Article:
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Backstage with PP Air’s Designers
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Backstage with PP Air’s Designers

Article by Studio Ground Floor

A breath of fresh Air. Floating effortlessly into the Pangram catalogue, Mat Desjardins and Caio Kondo discuss their newest typeface release.

author=Studio Ground Floor% authorlink= fonts=air%

Welcome to backstage – a peek behind the curtain of Pangram’s latest typeface – Air.

Beautifully crafted over a period of 2 years, the typeface is a celebration of purity and reduction. A harmonious collision of brutalism, minimalism, and Aerospace engineering, Air leans deeply into Pangram’s philosophy of designing really well made, expertly crafted typefaces that function, whilst retaining plenty of unique character. Versatile at small sizes, but endlessly intriguing and surprising when used much bigger (or inflated, if we’re really sticking with the Air theme here), Air is sure to blow you off your feet.

With an extraordinary 36 weights, a sans and mono family with an abundance of alternates, and a shared language of monospace details embedded into even the proportional cut, the typeface is expansive and intriguing from the lightest forms to the densest. Characters such as the y bring rhythm and charm to its otherwise utilitarian forms, constructing a typeface that would feel equally as at home on an analogue typewriter as on a quantum computer.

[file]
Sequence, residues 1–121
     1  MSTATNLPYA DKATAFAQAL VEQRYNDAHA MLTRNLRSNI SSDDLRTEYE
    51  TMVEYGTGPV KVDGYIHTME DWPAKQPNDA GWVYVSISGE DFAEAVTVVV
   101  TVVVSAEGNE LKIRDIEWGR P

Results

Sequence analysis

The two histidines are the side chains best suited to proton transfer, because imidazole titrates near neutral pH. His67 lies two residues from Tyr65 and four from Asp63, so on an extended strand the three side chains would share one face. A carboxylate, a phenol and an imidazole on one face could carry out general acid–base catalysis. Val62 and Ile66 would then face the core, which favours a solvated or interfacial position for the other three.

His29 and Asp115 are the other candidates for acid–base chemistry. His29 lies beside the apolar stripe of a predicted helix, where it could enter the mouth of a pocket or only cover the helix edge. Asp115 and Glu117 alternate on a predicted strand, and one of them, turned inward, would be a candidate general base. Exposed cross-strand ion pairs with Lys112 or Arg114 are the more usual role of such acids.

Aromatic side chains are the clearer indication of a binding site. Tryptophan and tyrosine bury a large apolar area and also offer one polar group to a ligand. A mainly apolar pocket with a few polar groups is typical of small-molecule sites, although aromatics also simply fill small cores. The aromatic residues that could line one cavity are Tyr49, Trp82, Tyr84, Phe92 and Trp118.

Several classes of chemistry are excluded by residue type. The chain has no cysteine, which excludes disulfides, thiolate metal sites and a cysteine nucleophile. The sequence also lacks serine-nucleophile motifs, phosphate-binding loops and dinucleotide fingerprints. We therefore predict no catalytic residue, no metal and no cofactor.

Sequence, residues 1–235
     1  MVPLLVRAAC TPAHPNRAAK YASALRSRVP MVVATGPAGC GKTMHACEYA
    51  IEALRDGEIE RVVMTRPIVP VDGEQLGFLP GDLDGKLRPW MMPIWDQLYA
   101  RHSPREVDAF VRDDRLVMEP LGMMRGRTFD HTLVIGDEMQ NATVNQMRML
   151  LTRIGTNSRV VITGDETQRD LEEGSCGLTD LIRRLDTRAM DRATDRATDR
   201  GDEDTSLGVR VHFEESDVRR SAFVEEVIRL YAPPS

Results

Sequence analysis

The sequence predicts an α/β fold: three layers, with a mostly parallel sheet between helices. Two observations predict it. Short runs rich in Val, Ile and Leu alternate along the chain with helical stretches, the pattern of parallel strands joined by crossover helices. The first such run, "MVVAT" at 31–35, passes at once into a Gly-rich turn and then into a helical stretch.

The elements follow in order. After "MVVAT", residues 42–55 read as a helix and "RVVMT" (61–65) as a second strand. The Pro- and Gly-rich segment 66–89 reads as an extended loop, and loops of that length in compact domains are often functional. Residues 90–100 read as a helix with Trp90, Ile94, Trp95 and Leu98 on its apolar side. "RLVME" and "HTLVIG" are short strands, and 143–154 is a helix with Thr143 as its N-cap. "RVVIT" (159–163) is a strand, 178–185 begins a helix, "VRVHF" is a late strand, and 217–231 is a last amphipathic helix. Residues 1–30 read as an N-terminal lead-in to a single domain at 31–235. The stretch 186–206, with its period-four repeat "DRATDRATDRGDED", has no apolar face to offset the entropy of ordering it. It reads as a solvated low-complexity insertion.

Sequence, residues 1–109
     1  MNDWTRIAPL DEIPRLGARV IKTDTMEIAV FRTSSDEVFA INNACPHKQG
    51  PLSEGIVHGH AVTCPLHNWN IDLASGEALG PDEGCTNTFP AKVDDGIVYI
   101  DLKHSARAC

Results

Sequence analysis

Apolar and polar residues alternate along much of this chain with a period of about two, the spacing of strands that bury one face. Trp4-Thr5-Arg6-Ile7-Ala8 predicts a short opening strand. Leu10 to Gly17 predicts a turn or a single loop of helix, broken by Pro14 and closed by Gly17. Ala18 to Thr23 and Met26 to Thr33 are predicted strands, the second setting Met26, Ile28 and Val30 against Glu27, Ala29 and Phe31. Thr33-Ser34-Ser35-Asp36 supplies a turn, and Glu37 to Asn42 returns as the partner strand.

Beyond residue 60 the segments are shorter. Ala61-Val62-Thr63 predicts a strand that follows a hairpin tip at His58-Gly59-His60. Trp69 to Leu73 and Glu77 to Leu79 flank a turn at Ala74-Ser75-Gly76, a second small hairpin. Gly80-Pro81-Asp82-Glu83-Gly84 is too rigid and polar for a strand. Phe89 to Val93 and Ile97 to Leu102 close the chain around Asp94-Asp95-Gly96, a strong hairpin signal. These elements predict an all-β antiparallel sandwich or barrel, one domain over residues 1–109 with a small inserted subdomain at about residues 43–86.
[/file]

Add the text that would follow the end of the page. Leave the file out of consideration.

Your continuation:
A true collaboration between Pangram founder Mat and the long time collaborator Caio, we caught up with the talented pair to delve into the details behind Air, unearthing their collaborative ins and outs. Ultimately learning what takes something from just a good idea, and makes it a reality.

Hey Caio and Mat! So great to be chatting with you both again! Howʼve you been?

MAT: Busy! Excited! Happy with the launch of Air that’s been a long time coming!

CAIO: Excited about the opportunity to talk about Air! 😀

Letʼs talk about PP Air, what a typeface! Start to finish, how long did the font take to craft?

MAT: A while!! 🥵From start to finish, I’d say about 2 years. I worked on & off on it for a good part of 2021 when I finally ended it over to Caio in 2022. Caio spent another good amount of time on it after that. I feel this was one of the best examples of a perfect collaboration!

CAIO: As Mat mentioned, the development of Air took a considerable amount of time. However, I have the feeling that the process was completed relatively quickly, considering the number of styles and characters covered by Air.